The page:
Recently, interest has grown in chemical looping combustion (CLC) because it is seen as a technique that may allow cost-effective carbon capture and storage (CCS). In CLC the overall reaction by which chemical energy is released is between a hydrocarbon and air as in conventional combustors. However, the reaction is completed in two separate oxidation and reduction steps occurring in different reaction vessels. In the oxidizer (or air reactor) an oxygen carrier, usually a metal, is exothermically oxidized in air resulting in an oxide and a hot air stream (oxygen depleted). The exhaust gasses may be expanded through a turbine to produce work, while the oxide passes to the reduction vessel (or fuel reactor). Here, it reacts with the fuel, is reduced and the metal regenerated. The metal then returns to the oxidizer to complete the loop. The exhaust gasses from the reducer contain only carbon dioxide and water so that, after expansion and work extraction, the water may be condensed leaving a stream of pure CO2 ready for storage. Hydrocarbon fuels will continue to be used for decades, so, in the face of ambitious emission reduction targets, CCS is an important technology and methods, such as CLC, that offer automatic CO2 separation (so-called inherent carbon capture) are particularly attractive. Despite this obvious advantage CLC was not originally conceived for the purposes of CCS, but rather as a means to produce pure carbon dioxide free from contamination by inert gases such as nitrogen. In the context of power generation it was then proposed as a means to improve the exergetic efficiency of energy conversion processes using hydrocarbons. Combustion is usually a highly irreversible process and necessitates the rejection of large quantities of heat from power cycles leading to the low thermal efficiency of gas turbines and the like. The two-stage reaction approach of CLC can reduce the irreversibility and the extent of heat rejection and hence provide improved cycle efficiency. Ideally, both goals would be simultaneously achieved thereby offsetting both the cost of carbon capture and of compression, transportation and storage. In the paper we present a thermodynamic analysis of CLC to illustrate its potential for improving efficiency. We will then develop a methodology for selecting oxygen carriers based on their thermodynamic properties and review several candidate materials. In particular, we will compare, from a thermodynamic perspective, solid phase oxygen carriers as used in fluidised bed based reaction systems and the liquid/vapour phase carriers previously suggested by the authors. Finally, comments on practical implementations of CLC in power plant will be presented.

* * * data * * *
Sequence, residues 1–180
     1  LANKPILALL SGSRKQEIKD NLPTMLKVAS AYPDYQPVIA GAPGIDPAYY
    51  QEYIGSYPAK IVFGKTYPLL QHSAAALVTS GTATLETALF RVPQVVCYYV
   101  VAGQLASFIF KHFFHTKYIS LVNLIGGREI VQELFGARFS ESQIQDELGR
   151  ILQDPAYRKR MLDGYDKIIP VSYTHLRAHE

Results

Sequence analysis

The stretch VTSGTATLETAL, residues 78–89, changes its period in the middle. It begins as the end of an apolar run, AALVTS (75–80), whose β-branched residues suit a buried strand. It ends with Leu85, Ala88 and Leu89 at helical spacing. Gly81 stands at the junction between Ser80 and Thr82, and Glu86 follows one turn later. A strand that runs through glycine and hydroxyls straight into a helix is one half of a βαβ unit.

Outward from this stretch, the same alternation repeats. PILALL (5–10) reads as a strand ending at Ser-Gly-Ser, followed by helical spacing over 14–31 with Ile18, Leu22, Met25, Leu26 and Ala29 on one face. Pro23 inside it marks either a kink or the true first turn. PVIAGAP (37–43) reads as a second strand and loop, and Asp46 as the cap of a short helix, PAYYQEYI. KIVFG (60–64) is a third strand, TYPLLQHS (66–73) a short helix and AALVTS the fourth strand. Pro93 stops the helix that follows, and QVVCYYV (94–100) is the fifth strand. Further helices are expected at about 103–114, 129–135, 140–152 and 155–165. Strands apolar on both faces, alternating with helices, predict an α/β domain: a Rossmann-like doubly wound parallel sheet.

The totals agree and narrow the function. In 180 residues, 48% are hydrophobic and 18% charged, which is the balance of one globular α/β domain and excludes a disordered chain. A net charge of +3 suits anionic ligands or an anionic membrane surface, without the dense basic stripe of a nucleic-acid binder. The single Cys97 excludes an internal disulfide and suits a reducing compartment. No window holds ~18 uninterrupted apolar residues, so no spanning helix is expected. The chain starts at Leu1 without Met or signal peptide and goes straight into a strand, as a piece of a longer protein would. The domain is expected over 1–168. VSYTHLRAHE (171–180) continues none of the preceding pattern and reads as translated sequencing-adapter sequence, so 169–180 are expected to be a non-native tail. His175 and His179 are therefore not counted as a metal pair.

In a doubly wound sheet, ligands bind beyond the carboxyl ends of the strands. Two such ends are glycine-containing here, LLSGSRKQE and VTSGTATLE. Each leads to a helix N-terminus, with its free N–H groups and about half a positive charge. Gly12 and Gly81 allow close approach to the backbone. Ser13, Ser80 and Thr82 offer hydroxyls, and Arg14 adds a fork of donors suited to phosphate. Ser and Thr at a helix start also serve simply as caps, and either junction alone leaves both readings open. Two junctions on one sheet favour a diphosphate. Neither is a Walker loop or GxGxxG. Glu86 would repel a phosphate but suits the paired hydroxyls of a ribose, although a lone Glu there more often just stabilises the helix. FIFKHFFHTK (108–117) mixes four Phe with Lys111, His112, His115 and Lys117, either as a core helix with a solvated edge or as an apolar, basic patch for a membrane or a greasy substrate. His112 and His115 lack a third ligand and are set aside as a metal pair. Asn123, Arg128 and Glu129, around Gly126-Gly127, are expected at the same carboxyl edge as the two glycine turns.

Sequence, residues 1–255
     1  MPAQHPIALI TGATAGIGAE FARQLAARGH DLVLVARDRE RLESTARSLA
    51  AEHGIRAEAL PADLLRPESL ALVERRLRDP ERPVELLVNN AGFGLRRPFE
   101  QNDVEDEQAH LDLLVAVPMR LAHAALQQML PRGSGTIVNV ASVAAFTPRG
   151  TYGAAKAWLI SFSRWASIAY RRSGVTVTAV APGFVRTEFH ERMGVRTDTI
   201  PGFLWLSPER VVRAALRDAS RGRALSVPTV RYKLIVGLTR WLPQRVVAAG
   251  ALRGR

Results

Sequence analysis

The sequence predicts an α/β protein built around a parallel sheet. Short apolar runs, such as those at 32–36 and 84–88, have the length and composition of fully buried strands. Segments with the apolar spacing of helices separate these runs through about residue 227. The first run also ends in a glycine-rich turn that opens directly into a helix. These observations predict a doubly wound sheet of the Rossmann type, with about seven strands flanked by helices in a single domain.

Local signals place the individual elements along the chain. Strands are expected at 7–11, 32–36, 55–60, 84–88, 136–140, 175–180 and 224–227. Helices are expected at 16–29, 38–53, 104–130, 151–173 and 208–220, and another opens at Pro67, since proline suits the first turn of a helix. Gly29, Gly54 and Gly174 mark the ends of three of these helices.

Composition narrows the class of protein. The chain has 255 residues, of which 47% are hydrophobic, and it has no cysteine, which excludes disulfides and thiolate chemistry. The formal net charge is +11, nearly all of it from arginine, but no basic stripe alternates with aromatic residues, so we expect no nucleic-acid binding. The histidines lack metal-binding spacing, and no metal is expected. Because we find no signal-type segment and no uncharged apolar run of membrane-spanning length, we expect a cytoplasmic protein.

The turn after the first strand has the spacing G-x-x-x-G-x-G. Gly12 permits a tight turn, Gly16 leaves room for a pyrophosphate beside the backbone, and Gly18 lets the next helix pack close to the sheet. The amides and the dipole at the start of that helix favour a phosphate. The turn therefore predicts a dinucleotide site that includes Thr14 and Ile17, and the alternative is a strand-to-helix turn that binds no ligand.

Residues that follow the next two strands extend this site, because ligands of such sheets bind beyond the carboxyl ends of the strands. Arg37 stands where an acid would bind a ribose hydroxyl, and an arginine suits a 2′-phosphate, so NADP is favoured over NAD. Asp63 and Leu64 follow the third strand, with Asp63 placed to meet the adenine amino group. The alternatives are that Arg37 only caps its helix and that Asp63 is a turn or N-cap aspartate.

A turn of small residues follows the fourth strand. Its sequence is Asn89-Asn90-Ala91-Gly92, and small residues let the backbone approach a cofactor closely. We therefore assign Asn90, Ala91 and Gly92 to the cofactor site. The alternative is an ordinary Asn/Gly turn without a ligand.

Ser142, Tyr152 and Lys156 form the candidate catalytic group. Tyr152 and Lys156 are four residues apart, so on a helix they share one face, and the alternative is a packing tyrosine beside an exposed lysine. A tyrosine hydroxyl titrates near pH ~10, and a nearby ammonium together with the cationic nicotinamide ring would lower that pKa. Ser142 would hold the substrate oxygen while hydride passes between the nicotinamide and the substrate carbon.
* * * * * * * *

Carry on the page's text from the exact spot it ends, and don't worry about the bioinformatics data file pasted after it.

This content is only available via PDF.
You do not currently have access to this content.